This series is heavily illustrated with charming spot art throughout, and my favorite thing to do was to see a little person shyly eyeing the books, encourage them to open them up and look at the drawings inside, and then point to Sarah. “She wrote the words AND drew all of the pictures,” I would say. Their eyes would widen in surprise, and they would look anew at Sarah. One little girl pointed to the cover. “Even this?” she said. “Even that,” I said. “Even the wood frame around the mice!” They were uniformly astonished. Some of these kids are young enough that the word “author” carries little significance, but everyone is wowed by someone who can draw terrific pictures.

. . . .

A few years ago, I had the honor of attending a diversity conference for book industry people. I was lucky enough to be in a focus group with the amazing Just Us Books publishers, Cheryl and Wade Hudson, who have worked for diversity in children’s books for decades. They talked about their efforts to get their books into bookstores, but found that those efforts weren’t enough to reach all of the people who wanted and needed them. There just weren’t bookstores in all of the neighborhoods where the very children Cheryl and Wade were publishing for lived, and some of the bookstores that were there didn’t feature a diverse collection of titles. So they took books to church festivals and neighborhood parties and school events, where people would gather around the tables, delighted. Cheryl and Wade would hear comments like, “I had no idea there were kids like us in books!” They sold grocery bags full of books to an audience eager to embrace them, because they had gotten creative and met their audience where they lived.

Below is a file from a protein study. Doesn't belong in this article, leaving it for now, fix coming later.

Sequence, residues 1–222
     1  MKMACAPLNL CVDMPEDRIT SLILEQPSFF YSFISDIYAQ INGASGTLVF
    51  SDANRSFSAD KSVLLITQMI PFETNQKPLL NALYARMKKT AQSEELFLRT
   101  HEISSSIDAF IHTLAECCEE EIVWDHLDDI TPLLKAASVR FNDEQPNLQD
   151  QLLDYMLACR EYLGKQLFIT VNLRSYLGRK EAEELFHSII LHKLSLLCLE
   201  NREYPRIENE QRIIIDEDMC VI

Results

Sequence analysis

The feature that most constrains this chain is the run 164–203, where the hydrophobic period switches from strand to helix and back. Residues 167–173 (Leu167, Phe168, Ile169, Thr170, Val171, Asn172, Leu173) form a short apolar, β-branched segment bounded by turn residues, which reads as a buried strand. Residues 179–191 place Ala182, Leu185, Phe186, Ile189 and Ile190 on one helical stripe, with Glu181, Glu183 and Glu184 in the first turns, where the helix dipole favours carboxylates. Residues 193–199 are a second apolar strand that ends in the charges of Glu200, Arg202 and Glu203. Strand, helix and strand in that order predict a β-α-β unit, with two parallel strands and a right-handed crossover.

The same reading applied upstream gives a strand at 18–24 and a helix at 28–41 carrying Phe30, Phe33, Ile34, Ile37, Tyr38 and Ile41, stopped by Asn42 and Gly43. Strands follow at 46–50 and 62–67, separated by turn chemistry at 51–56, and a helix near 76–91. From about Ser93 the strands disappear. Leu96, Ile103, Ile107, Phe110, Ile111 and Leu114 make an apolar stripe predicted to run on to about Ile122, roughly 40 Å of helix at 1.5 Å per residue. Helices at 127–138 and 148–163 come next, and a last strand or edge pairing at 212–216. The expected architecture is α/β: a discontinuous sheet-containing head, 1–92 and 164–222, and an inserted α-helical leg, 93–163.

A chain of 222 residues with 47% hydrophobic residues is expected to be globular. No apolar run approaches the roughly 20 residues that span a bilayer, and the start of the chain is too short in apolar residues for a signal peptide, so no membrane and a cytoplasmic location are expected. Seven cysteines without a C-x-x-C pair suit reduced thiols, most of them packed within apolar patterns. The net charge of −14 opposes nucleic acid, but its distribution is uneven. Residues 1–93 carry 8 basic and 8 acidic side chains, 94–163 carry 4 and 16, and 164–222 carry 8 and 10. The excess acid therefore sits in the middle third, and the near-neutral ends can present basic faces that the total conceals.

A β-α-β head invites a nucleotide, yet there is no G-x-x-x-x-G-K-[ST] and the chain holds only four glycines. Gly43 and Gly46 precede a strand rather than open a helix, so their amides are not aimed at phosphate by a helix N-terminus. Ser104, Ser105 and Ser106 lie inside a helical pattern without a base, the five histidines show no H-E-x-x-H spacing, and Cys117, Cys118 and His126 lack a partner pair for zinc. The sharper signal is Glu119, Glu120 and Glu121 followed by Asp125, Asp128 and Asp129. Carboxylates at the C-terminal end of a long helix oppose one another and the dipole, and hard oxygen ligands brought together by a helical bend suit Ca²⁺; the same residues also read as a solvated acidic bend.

Link to the rest at Publishers Weekly

Thirty Minutes a Day is All It Takes to Automate Your Social Media Activity, But I Don’t Recommend it

23 April 2018

From The Digital Reader:

As I am sure you know, there aren’t enough hours in the day to get all your work done. This is why we are always looking for new ways to automate tasks, and why I started the Tech Tools for Authors series (soon to be a newsletter).

Sometimes, however, the automation is counterproductive or just isn’t worth using. For example, a couple months ago I developed a way to automatically gather tweets from chosen Twitter accounts and load them into a Buffer queue so the tweets can be shared from one of my clients’ social media accounts.